The question of how to pack prescription meds (original containers vs. pill packs/daily dispensers) comes up a lot.
We live in Vermont and usually depart from US airports. I have always packed prescription meds in daily dose ziplocs, with all the pills for the day mixed together. I bring along a sheet of paper with the original prescription labels attached for all the medications contained in the baggies as well as a letter from the prescribing physician. Never had any trouble with this when traveling from/to/within the US, and the TSA and US Customs websites confirm that this method is OK:
TSA does not require passengers to have medications in prescription bottles, but states have individual laws regarding the labeling of prescription medication with which passengers need to comply.
US Customs website says medications "should" be in original containers, but if they are not, you need doctor documentation:
Prescription medications should be in their original containers with the doctor's prescription printed on the container. It is advised that you travel with no more than personal use quantities, a rule of thumb is no more than a 90 day supply. If your medications or devices are not in their original containers, you must have a copy of your prescription with you or a letter from your doctor. A valid prescription or doctors note is required on all medication entering the U.S.
We have a trip coming up where we will depart from Montreal. I checked with the CATSA website, and it states the following:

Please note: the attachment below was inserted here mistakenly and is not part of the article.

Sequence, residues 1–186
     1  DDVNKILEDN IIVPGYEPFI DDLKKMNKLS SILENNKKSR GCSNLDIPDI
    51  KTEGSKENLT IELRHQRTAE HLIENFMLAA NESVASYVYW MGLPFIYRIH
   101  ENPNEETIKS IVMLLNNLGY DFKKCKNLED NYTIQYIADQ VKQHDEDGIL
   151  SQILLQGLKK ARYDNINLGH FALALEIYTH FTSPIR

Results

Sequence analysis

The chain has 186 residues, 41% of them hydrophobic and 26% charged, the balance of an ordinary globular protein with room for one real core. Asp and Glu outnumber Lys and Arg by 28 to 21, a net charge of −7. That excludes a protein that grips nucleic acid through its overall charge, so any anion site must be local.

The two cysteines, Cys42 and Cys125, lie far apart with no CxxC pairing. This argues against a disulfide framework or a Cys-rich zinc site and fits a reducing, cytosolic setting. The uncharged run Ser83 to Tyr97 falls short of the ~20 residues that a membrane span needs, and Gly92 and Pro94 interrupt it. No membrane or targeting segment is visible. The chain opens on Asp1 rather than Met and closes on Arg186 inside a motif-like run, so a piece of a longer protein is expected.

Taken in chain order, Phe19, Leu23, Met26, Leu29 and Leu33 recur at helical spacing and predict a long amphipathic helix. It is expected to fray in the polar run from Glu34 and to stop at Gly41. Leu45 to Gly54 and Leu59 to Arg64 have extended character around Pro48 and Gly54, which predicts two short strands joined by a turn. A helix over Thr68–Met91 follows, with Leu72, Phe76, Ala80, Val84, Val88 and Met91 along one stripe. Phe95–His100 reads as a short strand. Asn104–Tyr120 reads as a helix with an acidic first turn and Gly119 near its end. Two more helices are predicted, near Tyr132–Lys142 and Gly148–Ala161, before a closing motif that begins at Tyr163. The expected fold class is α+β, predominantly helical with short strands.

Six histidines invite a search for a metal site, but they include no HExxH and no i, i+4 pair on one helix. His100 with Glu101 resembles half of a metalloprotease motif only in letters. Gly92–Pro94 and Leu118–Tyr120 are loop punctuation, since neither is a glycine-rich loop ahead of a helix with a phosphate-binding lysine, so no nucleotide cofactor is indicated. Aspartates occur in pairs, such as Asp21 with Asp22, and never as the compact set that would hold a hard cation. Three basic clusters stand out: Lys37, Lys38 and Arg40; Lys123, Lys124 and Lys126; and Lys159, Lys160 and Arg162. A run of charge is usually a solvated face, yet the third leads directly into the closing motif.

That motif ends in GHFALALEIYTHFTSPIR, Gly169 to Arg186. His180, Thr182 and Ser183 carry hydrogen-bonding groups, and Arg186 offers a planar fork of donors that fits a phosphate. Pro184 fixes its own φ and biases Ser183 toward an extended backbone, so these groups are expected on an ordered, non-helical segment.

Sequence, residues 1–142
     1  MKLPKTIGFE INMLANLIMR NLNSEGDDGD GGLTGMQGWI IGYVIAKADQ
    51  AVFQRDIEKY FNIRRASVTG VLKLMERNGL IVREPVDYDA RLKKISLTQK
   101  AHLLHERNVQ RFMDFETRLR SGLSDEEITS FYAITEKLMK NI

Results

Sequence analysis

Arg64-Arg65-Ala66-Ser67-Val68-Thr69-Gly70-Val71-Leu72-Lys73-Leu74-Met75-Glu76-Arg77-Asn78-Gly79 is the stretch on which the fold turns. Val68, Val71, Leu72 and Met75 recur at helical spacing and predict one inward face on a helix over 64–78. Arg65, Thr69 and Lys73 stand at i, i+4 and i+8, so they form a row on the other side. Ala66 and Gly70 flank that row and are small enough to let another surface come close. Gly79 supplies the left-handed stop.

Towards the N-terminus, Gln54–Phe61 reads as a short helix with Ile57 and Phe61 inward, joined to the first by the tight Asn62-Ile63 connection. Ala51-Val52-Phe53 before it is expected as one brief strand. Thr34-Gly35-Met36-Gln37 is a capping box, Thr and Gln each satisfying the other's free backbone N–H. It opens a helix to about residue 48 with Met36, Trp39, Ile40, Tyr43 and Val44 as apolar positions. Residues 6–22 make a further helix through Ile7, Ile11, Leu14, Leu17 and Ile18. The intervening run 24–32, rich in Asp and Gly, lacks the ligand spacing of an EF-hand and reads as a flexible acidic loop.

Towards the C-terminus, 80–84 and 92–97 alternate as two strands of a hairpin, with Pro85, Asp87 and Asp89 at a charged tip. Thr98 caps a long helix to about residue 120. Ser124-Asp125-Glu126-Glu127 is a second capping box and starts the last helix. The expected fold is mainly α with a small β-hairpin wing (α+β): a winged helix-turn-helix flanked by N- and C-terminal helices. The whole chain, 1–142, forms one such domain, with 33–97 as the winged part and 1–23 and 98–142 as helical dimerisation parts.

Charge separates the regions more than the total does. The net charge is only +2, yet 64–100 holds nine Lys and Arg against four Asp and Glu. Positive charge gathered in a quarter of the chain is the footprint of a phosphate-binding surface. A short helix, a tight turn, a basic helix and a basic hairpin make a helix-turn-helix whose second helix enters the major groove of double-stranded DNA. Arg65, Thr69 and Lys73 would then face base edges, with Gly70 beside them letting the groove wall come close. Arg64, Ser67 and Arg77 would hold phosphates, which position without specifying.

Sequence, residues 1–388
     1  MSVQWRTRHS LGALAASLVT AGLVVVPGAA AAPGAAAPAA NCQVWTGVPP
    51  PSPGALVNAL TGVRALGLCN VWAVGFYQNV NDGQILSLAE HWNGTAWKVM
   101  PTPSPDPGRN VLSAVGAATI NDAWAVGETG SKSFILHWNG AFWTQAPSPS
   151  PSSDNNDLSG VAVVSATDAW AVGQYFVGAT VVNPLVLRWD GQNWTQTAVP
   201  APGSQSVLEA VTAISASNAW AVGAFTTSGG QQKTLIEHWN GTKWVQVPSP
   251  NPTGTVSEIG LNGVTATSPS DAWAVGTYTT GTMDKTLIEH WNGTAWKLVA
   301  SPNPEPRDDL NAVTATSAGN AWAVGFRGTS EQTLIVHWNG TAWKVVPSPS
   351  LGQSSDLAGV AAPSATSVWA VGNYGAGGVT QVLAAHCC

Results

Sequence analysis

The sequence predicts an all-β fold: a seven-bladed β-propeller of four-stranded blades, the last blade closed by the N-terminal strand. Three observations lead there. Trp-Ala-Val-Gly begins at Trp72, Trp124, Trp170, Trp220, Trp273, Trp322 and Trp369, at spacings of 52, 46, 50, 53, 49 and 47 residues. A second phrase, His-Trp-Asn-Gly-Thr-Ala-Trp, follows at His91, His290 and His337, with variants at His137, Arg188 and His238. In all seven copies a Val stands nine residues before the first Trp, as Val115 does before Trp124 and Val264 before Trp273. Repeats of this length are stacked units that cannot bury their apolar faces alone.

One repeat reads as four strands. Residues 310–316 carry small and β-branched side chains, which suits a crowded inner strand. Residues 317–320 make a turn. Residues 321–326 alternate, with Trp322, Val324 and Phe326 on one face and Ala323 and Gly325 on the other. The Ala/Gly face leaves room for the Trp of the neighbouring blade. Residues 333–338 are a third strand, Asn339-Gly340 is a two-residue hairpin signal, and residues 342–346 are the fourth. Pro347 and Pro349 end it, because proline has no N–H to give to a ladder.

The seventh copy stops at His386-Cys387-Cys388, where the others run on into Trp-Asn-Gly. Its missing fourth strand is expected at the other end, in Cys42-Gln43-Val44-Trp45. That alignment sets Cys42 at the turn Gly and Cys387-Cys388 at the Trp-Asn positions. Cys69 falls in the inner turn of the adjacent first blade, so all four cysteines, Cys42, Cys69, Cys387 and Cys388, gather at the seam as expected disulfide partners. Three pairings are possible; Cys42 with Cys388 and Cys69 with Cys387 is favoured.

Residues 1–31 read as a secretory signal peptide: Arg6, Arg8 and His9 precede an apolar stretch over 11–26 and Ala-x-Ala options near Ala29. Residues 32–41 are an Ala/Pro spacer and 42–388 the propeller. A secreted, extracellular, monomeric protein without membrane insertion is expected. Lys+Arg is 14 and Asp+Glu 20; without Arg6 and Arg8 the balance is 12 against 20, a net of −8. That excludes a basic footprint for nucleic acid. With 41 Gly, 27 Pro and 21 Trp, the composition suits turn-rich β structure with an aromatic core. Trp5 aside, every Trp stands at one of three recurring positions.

Bringing a day-by-day pill separator is not an issue for security; however, there may be other considerations about travelling with medication, especially when travelling outside of Canada. We recommend finding out more at http://travel.gc.ca/travelling/health-safety/medication.
When I looked at the above-referenced website, the directive is as follows for international travel:
Pack all medications in your carry-on baggage in their original, labelled containers to facilitate airport security and customs screening. Prescription medication is exempted from the liquid restrictions but must be presented to the screening officer separately from your carry-on baggage.
Do not try to save luggage space by combining medications into a single container.
Language further down the page indicates that original packaging/labeling is a requirement to return to Canada.
So, in conclusion, seems as though Canada requires international travelers to package prescription meds in the original containers, no baggies or daily dispensers. The US does not. I will pack accordingly for our upcoming trip.
Hope this helps other travelers.